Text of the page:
It has been a very long wait for the FCC to implement these bands after they were approved for amateur use in 2007 and 2012 at the World Radiocommunication Conferences in Geneva. Canadian amateurs have had 630m since 2014 and 2200m since 2009 ... in the meantime, we have been anxiously awaiting the arrival of American amateurs to liven things up and to garner new interest in these bands.
Before operating on these bands, amateurs in the USA are required to register their intent via a simple web form found here on the Utilities Technology Council's website. Then follows a 30 day waiting period during which the UTC will check out your location to be sure that you are not located within 1km of any power lines that might be carrying LF or MF PLC (Power Line Carrier) control signals. If you hear nothing back from UTC within 30 days, you are good to go.
A positive outcome of registering via the UTC form is that there can be no PLC signals implemented on the lines near you at a later date! By registering your intended operating location(s), you are locking-in these spots for no further PLC development. If you have an EOC or Field Day site that you think you may want to operate from at some point, register these as well.
I think it is important that even if you do not intend to operate on either of these bands or perhaps a few years down the road, that you register as soon as possible ... the fewer PLC signals operating close to or within the amateur radio spectrum, the better, and this is one way of furthering that goal.
There has already been a vast amount of published information on both of these bands, describing transmitters, receiving systems and transmitting antennas so I won't go into much detail here regarding these topics ... and besides, it's always very interesting to search these things out yourself, learning as you go. Be assured that either of these bands will present interesting new challenges not encountered in typical HF operation, but all of the basic principles you are used to still apply ... it's just that things are much bigger down below the broadcast band!
Far and away, the best source of information for US amateurs can be found on John Langridge's (KB5NJD) NJDTechnolgies website. John has been operating on MF for several years already with an experimental licence (WG2XIQ) and is more than an expert on this topic.
His daily blog includes a detailed account of worldwide activity on 630m and makes for fascinating reading. His website provides all of the information and valuable links that you might need to plan your own LF or MF station. The information on his site, if printed out, would make a wonderful LF / MF Handbook!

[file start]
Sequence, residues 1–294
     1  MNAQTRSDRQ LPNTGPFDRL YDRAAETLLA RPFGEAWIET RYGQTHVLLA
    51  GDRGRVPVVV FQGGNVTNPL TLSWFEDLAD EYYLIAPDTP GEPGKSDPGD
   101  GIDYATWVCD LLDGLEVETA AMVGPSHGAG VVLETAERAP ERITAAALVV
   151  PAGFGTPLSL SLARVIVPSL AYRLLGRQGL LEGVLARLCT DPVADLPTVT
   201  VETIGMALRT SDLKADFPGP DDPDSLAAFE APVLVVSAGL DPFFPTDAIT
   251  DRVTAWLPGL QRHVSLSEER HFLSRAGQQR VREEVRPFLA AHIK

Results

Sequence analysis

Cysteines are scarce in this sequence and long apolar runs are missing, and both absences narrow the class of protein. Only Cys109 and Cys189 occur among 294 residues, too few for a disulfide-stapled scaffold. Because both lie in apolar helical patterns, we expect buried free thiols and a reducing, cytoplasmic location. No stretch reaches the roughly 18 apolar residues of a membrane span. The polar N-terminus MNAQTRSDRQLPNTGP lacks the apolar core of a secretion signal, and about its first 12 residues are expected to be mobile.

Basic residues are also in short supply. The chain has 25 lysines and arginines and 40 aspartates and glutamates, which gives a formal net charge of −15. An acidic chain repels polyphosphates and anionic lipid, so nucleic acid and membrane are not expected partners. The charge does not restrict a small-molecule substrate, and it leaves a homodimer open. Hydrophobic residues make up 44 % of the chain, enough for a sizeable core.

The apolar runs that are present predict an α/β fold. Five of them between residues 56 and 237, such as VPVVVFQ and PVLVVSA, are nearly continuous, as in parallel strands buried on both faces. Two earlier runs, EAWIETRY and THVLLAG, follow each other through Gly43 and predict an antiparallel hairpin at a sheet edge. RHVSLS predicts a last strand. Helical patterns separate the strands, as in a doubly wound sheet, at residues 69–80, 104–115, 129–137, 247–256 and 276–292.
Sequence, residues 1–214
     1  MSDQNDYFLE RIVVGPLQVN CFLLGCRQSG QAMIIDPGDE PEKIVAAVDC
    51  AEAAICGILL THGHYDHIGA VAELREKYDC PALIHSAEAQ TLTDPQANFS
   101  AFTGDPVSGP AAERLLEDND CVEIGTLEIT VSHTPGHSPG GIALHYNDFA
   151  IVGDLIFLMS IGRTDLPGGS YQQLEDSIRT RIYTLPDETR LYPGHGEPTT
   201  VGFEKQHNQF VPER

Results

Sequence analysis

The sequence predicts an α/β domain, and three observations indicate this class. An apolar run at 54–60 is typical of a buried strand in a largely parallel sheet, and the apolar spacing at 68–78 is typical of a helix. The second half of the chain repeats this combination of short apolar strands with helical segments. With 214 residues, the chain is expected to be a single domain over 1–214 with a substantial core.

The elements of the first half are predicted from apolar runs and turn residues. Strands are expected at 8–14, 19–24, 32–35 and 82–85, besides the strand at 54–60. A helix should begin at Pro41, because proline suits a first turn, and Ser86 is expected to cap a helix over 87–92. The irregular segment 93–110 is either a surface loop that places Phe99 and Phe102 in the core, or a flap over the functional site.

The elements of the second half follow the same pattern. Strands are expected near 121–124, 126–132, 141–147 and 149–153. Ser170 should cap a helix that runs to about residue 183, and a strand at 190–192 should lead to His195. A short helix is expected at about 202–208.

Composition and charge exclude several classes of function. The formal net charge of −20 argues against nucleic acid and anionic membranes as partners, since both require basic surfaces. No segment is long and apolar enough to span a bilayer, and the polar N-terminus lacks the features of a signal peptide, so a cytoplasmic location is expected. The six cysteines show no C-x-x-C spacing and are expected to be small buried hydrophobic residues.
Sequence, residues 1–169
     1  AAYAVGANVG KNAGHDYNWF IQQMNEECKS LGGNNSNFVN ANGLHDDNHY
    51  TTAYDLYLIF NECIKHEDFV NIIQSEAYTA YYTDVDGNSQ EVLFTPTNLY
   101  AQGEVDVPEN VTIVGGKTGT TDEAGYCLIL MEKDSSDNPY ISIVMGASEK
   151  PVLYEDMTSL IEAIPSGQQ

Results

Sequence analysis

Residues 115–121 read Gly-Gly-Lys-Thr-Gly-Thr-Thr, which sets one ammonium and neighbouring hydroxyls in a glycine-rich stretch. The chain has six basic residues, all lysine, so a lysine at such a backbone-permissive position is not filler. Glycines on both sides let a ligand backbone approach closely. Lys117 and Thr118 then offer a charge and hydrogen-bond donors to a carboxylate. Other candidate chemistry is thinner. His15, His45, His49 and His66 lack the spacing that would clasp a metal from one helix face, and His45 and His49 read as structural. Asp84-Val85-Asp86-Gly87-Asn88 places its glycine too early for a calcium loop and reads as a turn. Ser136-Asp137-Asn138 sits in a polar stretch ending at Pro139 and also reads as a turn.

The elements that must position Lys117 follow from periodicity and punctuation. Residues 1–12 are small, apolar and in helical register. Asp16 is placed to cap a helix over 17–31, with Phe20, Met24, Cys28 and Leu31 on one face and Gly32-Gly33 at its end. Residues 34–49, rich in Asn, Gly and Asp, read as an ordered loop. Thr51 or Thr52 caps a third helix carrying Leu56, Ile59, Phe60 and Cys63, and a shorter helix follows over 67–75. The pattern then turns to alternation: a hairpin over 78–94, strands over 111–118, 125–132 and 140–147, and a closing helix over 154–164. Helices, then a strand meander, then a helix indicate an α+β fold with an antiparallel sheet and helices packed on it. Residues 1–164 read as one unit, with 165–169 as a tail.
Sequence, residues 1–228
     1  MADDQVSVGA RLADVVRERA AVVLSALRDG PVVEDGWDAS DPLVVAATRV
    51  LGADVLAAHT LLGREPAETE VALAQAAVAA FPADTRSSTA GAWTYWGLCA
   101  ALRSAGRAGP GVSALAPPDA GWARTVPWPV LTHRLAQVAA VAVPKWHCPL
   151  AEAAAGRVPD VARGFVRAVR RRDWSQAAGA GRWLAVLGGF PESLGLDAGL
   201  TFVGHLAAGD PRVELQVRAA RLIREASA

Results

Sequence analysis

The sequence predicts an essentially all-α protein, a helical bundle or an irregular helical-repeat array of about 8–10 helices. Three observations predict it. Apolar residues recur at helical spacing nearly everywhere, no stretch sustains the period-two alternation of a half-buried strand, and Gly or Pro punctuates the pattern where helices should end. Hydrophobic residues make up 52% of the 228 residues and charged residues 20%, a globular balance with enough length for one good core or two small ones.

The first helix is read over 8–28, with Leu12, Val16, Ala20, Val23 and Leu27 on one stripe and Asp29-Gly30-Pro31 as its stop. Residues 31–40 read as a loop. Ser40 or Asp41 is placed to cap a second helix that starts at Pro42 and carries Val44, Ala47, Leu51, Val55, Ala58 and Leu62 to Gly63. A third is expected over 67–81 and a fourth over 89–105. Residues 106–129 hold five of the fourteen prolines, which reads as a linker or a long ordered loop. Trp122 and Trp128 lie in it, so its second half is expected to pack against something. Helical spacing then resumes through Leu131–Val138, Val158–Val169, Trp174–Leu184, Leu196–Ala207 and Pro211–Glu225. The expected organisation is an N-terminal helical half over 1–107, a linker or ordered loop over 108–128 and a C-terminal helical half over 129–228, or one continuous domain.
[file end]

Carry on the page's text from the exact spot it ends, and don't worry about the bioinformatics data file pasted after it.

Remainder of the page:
My own blog and website also contain much helpful material, with a particular emphasis on Canadian activity on these bands. All of my blogspots dealing with 630m can be found here and contain enough bedtime reading to keep you busy for many nights.
If you are thinking of getting on either of these new bands, particularly 630m, here is a short Q & A that may help you through the initial planning stage of how to get started.
What modes are commonly used on these bands?
At present, due to the low level of two-way amateur radio activity, the WSPR mode has been dominant. This is a weak-signal 'beacon-only' mode so most two-way contacts take place either on CW or on the weak signal JT-9 mode. JT-9 has been specifically designed for HF and LF / MF weak signal two-way work and can dig as deep as -27db into the noise to provide a contact that could never be completed on other conventional modes such as CW.
With the influx of new activity on these bands, particularly on 630m, I expect that most two-way work will equal or surpass the amount of WSPR activity and that JT-9 and CW will do most of the heavy-lifting.
How far can I work on these bands?
Although the erp limits appear to be QRP-sized, this is somewhat misleading ... it is astonishing what can be done. Don't think that '5W eirp' means that you can only run a transmitter capable of generating 5W. Because antennas are so inefficient on these bands, it is often necessary to run several hundreds of watts in order to achieve the legal eirp limits. The bigger and more efficient your antenna, the lower the power needed becomes. On many nights, 5W eirp will get you clear across the country on MF.
However, if you build something for 630m that only produces 25W of power, you will still have the capability of working many stations in other states on most winter evenings or mornings, as propagation, the 'great equalizer', can be amazing at times.
Presently, most stations operating on WSPR will often be detected from one coast to the other and those with excellent locations near the coast will soon be working stations down under or in Europe, either on CW or on JT-9. If you can, design and build for the maximum eirp, 1W on 2200m and 5W on 630m.
What type of transmitter do I need?